Better procurement practices could save Connecticut millions
With the recent celebration of the birth of President Abraham Lincoln, we are reminded of his great story telling, which he used brilliantly to make a point, and to simplify an issue for easy understanding.
Now imagine yourself with Lincoln discussing the fiscal woes of Connecticut. Soon Lincoln sits back, stretches his long legs before him and begins telling a story about a farmer and his land.
The farm was on land that was fairly dry and irrigation of the fields was required to make the land productive. For a few years the farmer irrigated his fields with great success.
But after several years the irrigation pipes began to leak. At first the leaks were barely noticeable. As time passed, more small leaks continued to sprout to the point where the leaks caused the water source to run dry.
The farmer had to fix the leaks but knew he couldn’t do it by himself. He called his farm workers together, trained them, and gave them the tools and supplies needed to patch the pipes and stop the leaks. Once the leaks were fixed, enough water was saved from leaking to make the farmer’s land productive again.
The State Contracting Standards Board’s Data Analysis Work Group recently issued a report of Findings and Recommendations – Study of Competitive Bidding Practices, the findings and recommendations made in our report are similar to the solution employed by the farmer in Lincoln’s story.
The solution is to provide the tools, resources and training to state employees to stop the leaks of taxpayer funds. Like the first leaks in an irrigation pipe, the leaks of funds in contracting were barely noticeable and didn’t seem to be a big deal. But Connecticut is at a point where the leaks are a big deal.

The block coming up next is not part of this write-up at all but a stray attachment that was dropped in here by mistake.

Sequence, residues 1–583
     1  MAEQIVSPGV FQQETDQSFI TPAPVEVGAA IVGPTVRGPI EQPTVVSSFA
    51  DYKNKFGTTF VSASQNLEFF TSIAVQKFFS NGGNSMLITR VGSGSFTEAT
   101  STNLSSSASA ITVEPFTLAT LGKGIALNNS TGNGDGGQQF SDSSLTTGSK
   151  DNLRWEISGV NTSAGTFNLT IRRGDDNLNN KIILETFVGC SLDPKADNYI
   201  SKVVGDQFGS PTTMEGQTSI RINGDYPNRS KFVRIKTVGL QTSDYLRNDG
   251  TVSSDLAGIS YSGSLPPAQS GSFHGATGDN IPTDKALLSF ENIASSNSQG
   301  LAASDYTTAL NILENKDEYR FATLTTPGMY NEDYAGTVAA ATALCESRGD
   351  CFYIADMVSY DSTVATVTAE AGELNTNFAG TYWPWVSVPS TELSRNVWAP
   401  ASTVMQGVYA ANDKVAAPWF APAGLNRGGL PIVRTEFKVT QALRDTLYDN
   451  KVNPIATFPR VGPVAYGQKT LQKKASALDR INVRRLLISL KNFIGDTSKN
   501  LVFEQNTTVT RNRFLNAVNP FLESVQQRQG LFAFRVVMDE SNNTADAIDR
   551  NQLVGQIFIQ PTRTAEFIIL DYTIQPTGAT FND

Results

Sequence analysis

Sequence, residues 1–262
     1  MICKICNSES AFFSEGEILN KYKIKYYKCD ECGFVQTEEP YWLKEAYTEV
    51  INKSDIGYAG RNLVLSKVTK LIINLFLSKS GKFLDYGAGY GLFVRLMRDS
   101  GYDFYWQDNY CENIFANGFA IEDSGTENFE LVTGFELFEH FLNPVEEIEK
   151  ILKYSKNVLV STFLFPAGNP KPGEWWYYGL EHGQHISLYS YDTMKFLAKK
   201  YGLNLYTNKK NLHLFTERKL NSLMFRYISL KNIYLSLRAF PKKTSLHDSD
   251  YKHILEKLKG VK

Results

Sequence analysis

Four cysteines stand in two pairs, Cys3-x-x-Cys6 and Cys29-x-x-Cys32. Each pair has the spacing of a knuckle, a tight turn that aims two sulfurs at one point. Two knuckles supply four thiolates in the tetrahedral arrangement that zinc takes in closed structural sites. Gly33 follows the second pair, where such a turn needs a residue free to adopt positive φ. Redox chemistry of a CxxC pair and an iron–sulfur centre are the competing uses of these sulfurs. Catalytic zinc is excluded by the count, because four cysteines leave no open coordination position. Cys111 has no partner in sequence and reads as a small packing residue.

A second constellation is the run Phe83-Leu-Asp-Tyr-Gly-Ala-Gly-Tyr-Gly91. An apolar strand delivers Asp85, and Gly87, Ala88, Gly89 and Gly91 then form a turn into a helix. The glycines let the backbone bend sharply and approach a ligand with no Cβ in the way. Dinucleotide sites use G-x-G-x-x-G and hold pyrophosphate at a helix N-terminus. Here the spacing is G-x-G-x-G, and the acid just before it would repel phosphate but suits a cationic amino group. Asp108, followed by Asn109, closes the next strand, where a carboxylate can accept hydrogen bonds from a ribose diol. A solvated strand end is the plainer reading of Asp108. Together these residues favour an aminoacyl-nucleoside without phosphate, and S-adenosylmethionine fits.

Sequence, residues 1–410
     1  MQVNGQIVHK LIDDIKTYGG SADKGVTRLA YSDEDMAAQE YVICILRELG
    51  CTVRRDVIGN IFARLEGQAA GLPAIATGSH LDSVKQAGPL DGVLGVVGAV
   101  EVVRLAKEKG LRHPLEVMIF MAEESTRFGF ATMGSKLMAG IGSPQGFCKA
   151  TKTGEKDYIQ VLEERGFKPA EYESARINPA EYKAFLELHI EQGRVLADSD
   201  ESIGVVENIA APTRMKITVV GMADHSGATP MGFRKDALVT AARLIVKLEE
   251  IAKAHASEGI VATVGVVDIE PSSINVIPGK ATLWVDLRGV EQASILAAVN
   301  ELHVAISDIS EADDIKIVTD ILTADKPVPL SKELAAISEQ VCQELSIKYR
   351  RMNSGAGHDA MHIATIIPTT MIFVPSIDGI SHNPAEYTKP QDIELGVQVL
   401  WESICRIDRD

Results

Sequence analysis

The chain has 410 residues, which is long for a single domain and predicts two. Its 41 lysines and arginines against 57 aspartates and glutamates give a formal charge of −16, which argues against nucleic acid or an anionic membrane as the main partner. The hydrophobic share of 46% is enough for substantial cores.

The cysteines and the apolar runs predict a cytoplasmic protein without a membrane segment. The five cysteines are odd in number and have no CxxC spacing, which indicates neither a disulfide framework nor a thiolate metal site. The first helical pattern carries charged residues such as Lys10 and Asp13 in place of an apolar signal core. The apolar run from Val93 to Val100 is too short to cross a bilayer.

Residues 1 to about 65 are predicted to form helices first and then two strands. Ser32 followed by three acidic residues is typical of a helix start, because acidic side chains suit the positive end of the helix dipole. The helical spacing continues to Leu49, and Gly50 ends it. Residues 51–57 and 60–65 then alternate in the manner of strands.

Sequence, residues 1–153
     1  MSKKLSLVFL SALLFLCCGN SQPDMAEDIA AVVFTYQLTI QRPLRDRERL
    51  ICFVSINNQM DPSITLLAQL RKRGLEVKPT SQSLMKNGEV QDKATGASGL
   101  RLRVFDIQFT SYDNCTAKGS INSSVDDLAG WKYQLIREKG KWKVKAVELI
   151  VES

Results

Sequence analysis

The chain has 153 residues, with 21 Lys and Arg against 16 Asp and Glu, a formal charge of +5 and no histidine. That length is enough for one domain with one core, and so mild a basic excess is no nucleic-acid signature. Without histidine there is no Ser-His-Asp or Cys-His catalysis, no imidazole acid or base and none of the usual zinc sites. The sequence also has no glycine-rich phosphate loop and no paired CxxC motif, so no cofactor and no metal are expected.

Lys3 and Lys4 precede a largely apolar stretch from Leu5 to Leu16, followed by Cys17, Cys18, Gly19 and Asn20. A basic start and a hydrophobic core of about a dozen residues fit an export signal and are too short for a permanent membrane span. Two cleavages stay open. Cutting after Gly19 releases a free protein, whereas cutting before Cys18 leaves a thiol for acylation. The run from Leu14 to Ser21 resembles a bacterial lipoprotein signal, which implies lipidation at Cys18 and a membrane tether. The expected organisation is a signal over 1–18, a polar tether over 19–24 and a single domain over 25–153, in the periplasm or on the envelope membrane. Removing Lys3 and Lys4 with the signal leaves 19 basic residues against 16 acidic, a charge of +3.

The State Contracting Standards Board, of which we are members, was created as a watchdog organization to review and recommend improvements in the procedures used by the State of Connecticut to purchase goods and services.
We have completed an in-depth study of State procurement procedures and have found significant opportunities for improved efficiencies to save the state a significant amount of money. Deficiencies found included an appalling lack of competitive bidding on contracts (55 percent of all open contracts and 73 percent of personal services agreements did not have competition), a lax approach to the waiver process which is intended to allow exemption from seeking competition, and a lack of desire in securing knowledge transfer to state employees.
Implementing the changes contained in our findings may save the state, and the taxpayers of Connecticut, an estimated $174 to $264 million annually. Legislation should be passed mandating competitive bidding on all POS and PSA contracts. The State Contracting Standards Board should be empowered to lead the development of updated procurement regulations; implement a process to measure results; report on compliance; provide leadership for continuing improvements in procurement practices; and develop and implement a world-class procurement staff training and certification program.
The State Contracting Standards Board is willing and poised to help the State of Connecticut spend less and spend better. Additional staff skill-sets are needed to realize the savings to the state, but the payback is tremendous: we believe that every $1 we invest in additional staff skill-sets will result in $268 in savings annually to the State of Connecticut.
Alfred Bertoline and Bruce Buff are members of the State Contracting Standards Board.
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